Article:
Since 1998 a number of homeowners have been able to take advantage of predesigned solutions for bracing (aka retrofitting) their homes against earthquake damage by using “prescriptive plansets.” These plans help homeowners with qualifying structures obtain the necessary building permit(s) more quickly and easily and eliminate the need to hire a design professional to develop drawings.
- Determining if Your House Qualifies
- How to Use the Prescriptive Plansets
- How to Get a Permit from DPD
- Download Prescriptive Plansets & Earthquake Home Retrofit Series Booklets
- Download Homeowner's Guide to Nonstructural Earthquake Retrofit
- Retrofitting Resources
Details on using the plansets and applying for a retrofitting permit are provided below. For more information on the 2002 changes that made even more homes eligible for prescriptive plansets, see this news story.
Determining if Your House Qualifies
The prescriptive plansets are designed for homes which meet certain structural criteria which are set out in Booklet 2 of the Home Earthquake Retrofit Series, "How to Complete the Home Assessment Checklist."
Booklet 2 includes a checklist that must be submitted to DPD along with the prescriptive plansets, and explains the various components of the checklist. In general, the homes must be of light wood-frame construction and light roof construction, not irregularly shaped, with a reinforced concrete foundation, up to three stories in height (depending on the height of the support wall below your first floor), and on a relatively level lot.
Homes which do not meet the structural criteria of this program are still candidates for seismic retrofitting. However, an architect or structural engineer will need to develop specific plans for your home and DPD will need more time to review those more unique proposals.
How to Use the Prescriptive Plansets
After completing the home assessment checklist, and determining that your house qualifies for this program, you must complete the plansets. Sheet 1 provides a grid to create a scaled outline of your house foundation. Once you have completed this outline, you must select retrofit solutions from Sheet 2. The solutions vary depending on the specific construction of your home. Booklet 3 of the home retrofit series, "Guide to Completing an Earthquake Retrofit Plan for Wood-frame Residential Buildings," provides instruction on completing the prescriptive plansets.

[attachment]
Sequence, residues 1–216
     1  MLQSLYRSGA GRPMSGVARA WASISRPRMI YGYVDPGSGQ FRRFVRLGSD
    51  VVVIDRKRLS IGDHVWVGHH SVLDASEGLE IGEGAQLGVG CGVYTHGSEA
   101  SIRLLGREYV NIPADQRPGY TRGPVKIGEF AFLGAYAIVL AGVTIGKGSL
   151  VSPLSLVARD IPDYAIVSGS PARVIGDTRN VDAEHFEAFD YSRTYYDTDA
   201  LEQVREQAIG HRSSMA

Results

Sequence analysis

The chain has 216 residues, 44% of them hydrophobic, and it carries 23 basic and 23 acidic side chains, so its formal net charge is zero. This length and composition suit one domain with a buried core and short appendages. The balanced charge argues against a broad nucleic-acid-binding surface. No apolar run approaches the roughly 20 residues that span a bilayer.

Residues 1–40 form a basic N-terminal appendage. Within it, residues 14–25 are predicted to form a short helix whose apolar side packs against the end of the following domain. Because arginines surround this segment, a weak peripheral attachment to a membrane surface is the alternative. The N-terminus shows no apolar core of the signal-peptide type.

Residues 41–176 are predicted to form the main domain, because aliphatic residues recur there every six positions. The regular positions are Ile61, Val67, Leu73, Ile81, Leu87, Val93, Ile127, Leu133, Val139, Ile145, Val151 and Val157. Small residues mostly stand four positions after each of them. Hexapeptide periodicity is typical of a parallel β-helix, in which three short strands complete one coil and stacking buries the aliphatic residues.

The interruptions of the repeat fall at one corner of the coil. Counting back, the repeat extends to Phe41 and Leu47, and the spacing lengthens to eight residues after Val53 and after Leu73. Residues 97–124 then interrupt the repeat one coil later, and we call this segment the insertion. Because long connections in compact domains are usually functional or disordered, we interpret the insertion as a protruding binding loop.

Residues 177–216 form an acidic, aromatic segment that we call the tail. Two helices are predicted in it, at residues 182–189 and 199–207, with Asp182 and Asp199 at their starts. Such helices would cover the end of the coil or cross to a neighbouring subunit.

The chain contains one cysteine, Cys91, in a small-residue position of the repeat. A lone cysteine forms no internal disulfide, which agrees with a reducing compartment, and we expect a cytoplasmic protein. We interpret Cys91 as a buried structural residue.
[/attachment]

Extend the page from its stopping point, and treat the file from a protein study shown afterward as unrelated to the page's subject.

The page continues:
How to Get A Permit from DPD
Two plansets may be submitted to the DPD Applicant Services Center without an appointment for expedited review by a building plans reviewer. Download a Home Retrofit Permit Application (189KB PDF). The checklist must be completed and submitted to DPD along with the plansets. Please see the Home Retrofit Flyer for more information.
DPD’s goal for completing review is 24 hours. Fees are based on your estimated value of work, labor and materials and are collected at intake. A DPD building inspector will review your work on site.
- If you have questions, please contact a permit specialist at the DPD Applicant Services Center, located on the 20th floor of Seattle Municipal Tower at 700 Fifth Avenue, Suite 2000, (206) 684-8850.
Download Prescriptive Plansets & Earthquake Home Retrofit Series
Electronic versions of the Earthquake Home Retrofit Plansets are available below. The plansets include three large pages, each measuring 11"x17".
- PDF files - Standard Earthquake Home Retrofit Overview
Electronic versions of the Home Earthquake Retrofit Series are available below:
- Booklet 2 - "How to Complete the Home Assessment Checklist"
- Booklet 3 - "Guide to Completing an Earthquake Retrofit Plan for Wood-frame Residential Buildings"
Printed versions of these documents are available from DPD’s Public Resource Center, located on the 20th floor of Seattle Municipal Tower, 700 Fifth Avenue, Suite 2000, (206) 684-8467. Copies are also available to homeowners and contractors/building professionals who attend the Seattle Project Impact home retrofit classes and trainings.
Homeowner's Guide to Nonstructural Earthquake Retrofit
Learn about areas of your home that are susceptible to earthquake damage and what you can do to protect yourself and reduce damage to nonstructural items - e.g., bookcases, cabinets, picture frames, lights, windows, doors, appliances - in the Homeowner's Guide to Nonstructural Earthquake Retrofit.
- Additional information on earthquake damage prevention and earthquake recovery is available on the Seattle Project Impact website.
Classes are offered and loans are available to assist you in retrofitting. For information, go to Retrofitting Resources (classes, loans, etc.).